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More than 300,000 Afghan refugees return from Pakistan, Iran


More than 300,000 Afghan refugees return from Pakistan, Iran

More than 300,000 Afghan refugees have gone home this year from Pakistan and Iran, in a movement that has steadily gathered momentum since January.
11 July 2003
A convoy of Afghans leaves the Chaman waiting area.

ISLAMABAD, July 11 (UNHCR) - The UN refugee agency (UNHCR) announced today that it has helped more than 200,000 Afghan refugees return from Pakistan to their homeland so far this year. During the same time, more than 113,000 Afghans have returned from Iran, with 67,000 of them going back with UNHCR's help and almost 46,000 heading back on their own.

Although the numbers repatriating this year are far below the extraordinary level of last year, when more than 1.5 million refugees were assisted to return from Pakistan, the number of Afghans going back in 2003 is still very high by historic standards.

In a separate effort, UNHCR is also relocating more than 18,000 Afghan asylum-seekers who had been stranded in the "waiting area" at Chaman on the Pakistani-Afghan border since early in 2002, taking some of them to a refugee camp inside Pakistan and the rest to a new community inside Afghanistan.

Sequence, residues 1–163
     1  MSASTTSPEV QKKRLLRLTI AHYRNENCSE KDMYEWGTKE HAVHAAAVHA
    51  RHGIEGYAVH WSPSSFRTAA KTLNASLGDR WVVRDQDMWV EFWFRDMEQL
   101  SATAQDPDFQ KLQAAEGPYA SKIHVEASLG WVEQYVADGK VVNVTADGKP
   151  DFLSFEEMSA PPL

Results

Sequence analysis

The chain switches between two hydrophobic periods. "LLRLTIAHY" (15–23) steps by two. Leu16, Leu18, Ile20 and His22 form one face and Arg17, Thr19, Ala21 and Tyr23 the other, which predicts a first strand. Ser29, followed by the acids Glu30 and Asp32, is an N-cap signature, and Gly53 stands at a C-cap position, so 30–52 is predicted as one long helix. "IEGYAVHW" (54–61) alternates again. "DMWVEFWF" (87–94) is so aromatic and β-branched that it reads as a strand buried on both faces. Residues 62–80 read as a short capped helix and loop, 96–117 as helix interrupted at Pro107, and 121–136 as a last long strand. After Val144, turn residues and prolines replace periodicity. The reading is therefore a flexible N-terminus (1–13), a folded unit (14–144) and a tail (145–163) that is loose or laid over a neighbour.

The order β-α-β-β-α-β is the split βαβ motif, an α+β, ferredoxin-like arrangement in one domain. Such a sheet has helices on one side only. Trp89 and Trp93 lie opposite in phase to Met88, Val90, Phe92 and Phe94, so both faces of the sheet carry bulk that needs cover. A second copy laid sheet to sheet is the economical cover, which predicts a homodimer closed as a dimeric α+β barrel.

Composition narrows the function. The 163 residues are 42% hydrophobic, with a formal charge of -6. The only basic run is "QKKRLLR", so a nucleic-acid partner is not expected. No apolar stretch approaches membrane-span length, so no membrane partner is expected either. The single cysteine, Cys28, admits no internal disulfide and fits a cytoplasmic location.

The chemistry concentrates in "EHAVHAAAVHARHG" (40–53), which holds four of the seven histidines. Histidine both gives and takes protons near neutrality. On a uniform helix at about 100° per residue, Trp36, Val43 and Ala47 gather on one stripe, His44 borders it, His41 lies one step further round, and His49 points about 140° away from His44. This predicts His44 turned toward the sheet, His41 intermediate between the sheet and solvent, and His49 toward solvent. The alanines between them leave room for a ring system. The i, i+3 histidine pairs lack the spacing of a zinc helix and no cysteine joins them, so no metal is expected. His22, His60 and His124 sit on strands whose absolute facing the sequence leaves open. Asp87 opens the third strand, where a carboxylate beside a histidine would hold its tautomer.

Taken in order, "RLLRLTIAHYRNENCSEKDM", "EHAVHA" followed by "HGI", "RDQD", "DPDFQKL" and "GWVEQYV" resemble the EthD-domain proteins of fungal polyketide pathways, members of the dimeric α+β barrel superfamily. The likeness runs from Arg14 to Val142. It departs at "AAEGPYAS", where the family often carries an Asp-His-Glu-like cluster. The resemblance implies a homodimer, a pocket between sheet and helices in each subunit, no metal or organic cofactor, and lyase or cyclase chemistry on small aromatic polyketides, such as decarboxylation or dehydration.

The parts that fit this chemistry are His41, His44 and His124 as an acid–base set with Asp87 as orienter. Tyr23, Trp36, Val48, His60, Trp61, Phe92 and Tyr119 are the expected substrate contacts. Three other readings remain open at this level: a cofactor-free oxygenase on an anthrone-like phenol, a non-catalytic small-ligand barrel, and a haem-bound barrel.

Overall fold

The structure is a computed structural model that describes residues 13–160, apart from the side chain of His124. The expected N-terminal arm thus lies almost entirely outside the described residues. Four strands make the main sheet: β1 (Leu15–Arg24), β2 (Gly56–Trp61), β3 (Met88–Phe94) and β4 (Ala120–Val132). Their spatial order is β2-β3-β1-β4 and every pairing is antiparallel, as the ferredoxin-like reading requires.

Unlike Afghans returning through the repatriation programme, the Afghans who were stranded in the "waiting area" site were never formally termed refugees because they had not formerly entered Pakistan by the time the government decided in February 2002 to close the border to new arrivals.

The area of waste land, right on the border at Chaman in Balochistan Province, was always considered unsuitable for refugees. It was insecure - bodies from a battle inside Afghanistan were dumped in the "waiting area" last month - and UNHCR was unable to provide full assistance because of Pakistan's insistence that it not become a permanent settlement.

The last of the 8,102 residents of the "waiting area" who chose to move to Mohammad Kheil, a camp set up in Pakistan to host refugees from the 2001 war against the Taliban, are scheduled to be transported in a UNHCR convoy on Saturday.

Of the nearly 11,000 people who asked to move to the settlement of Zhare Dasht near the Afghan city of Kandahar, the last are expected to be relocated by 23 July since the movements began on 30 June. By Wednesday, 4,704 Afghans have been moved to Zhare Dasht and the five day per week convoys resume on Saturday.

After those who registered leave, UNHCR will no longer be responsible for anyone remaining at the squalid border camp. Pakistani authorities have already begun demolishing the makeshift shelters of rags and mud that the Afghans had erected.

Iran and Pakistan have hosted millions of Afghan refugees since 1980. UNHCR believes there were 1.1 million Afghan refugees in Iran and 1.2 million Afghan refugees in Pakistan at the start of this year. Both countries also have large numbers of Afghan nationals who are not considered refugees.